Session 1, 2017

 

Week

 

Date

Lecture Topic

Tutorial Topic

1

Fri 3 Mar

Introduction to Contracts; Overview of Contract Remedies

Legal Problem Solving Model

 

 

2

Fri 10 Mar

Agreement – Offer and Acceptance

Introduction to Contracts; Overview of Contract Remedies

 

3

Fri 17 Mar

Consideration; Equitable Estoppel; Intention

Agreement – Offer and Acceptance

 

4

Fri 24 Mar

Certainty and Completeness; Capacity; Requirement of Writing

Consideration; Equitable Estoppel; Intention

 

5

Fri 31 Mar

Express Terms

Certainty and Completeness; Capacity; Requirement of Writing

6

Fri 7 Apr

Implied Terms; Construction of Terms; Exclusion Clauses

 

Express Terms

 

 

7

Fri 14 Apr

Misrepresentation; Misleading or Deceptive Conduct; Mistake

 

 

Implied Terms; Construction of Terms; Exclusion Clauses

 

 

 

 

Mid-Semester Break

[On Campus Session 28-29 Apr]

 

 

 

8

 

Fri 5 May

Duress; Unconscionability; Undue Influence; Unjust Contracts

Misrepresentation; Misleading or Deceptive Conduct; Mistake

9

Fri 12 May

Discharge by Performance; Discharge by Agreement

Duress; Unconscionability; Undue Influence; Unjust Contracts

10

Fri 19 May

Discharge by Breach; Discharge by Frustration

Discharge by Performance; Discharge by Agreement

 

11

Fri 26 May

Illegality

Discharge by Breach; Discharge by Frustration

 

12

Fri 2 Jun

 

 

Privity; Contract Theory

 

Illegality

 

13

Fri 9 Jun

Contracts in Context; Exam Preparation

 

Privity

 

 

Policies and Procedures

Macquarie University policies and procedures are accessible from Policy Central. Students should be aware of the following policies in particular with regard to Learning and Teaching:

Academic Honesty Policy http://mq.edu.au/policy/docs/academic_honesty/policy.html

Assessment Policy http://mq.edu.au/policy/docs/assessment/policy_2016.html

Grade Appeal Policy http://mq.edu.au/policy/docs/gradeappeal/policy.html

Complaint Management Procedure for Students and Members of the Public http://www.mq.edu.au/policy/docs/complaint_management/procedure.html​

Disruption to Studies Policy (in effect until Dec 4th, 2017): http://www.mq.edu.au/policy/docs/disruption_studies/policy.html

Special Consideration Policy (in effect from Dec 4th, 2017): https://staff.mq.edu.au/work/strategy-planning-and-governance/university-policies-and-procedures/policies/special-consideration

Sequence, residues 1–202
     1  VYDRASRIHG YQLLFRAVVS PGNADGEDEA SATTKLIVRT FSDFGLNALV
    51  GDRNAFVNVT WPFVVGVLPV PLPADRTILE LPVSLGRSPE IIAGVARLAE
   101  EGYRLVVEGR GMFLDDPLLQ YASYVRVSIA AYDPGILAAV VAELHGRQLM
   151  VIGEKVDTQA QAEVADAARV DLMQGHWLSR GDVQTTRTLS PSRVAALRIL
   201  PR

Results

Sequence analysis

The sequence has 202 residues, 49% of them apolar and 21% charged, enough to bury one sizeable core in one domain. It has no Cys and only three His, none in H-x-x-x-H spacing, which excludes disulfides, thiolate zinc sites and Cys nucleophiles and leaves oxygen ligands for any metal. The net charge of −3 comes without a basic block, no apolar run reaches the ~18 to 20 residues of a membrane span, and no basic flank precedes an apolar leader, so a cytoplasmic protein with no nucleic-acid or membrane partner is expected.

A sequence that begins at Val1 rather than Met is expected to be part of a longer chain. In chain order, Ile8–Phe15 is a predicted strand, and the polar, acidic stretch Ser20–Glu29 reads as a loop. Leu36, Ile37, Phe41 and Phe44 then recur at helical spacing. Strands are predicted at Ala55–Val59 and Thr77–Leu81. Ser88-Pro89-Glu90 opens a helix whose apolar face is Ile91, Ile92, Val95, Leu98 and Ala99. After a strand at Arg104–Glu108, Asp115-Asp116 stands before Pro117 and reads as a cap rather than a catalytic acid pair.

In addition, a number of other policies can be found in the Learning and Teaching Category of Policy Central.

Student Code of Conduct

Macquarie University students have a responsibility to be familiar with the Student Code of Conduct: https://students.mq.edu.au/support/student_conduct/

Results

Results shown in iLearn, or released directly by your Unit Convenor, are not confirmed as they are subject to final approval by the University. Once approved, final results will be sent to your student email address and will be made available in eStudent. For more information visit ask.mq.edu.au.

 

Extensions

Any application for extensions of time must comply with the information provided in this Unit Guide under 'Assessment Tasks'. An application in accordance with the university's disruption to study policy will be required in all cases.

 

Students requiring special arrangements for the completion of any assessment task (including the final exam) due to any disability must contact Campus Wellbeing and seek advice. The unit convenor will deal with such cases only with the approval of Campus Wellbeing.

Student Support

Macquarie University provides a range of support services for students. For details, visit http://students.mq.edu.au/support/

Learning Skills

Learning Skills (mq.edu.au/learningskills) provides academic writing resources and study strategies to improve your marks and take control of your study.

Student Enquiry Service

For all student enquiries, visit Student Connect at ask.mq.edu.au

Equity Support

Students with a disability are encouraged to contact the Disability Service who can provide appropriate help with any issues that arise during their studies.

IT Help

For help with University computer systems and technology, visit http://www.mq.edu.au/about_us/offices_and_units/information_technology/help/

When using the University's IT, you must adhere to the Acceptable Use of IT Resources Policy. The policy applies to all who connect to the MQ network including students.

Graduate Capabilities

Capable of Professional and Personal Judgement and Initiative

We want our graduates to have emotional intelligence and sound interpersonal skills and to demonstrate discernment and common sense in their professional and personal judgement. They will exercise initiative as needed. They will be capable of risk assessment, and be able to handle ambiguity and complexity, enabling them to be adaptable in diverse and changing environments.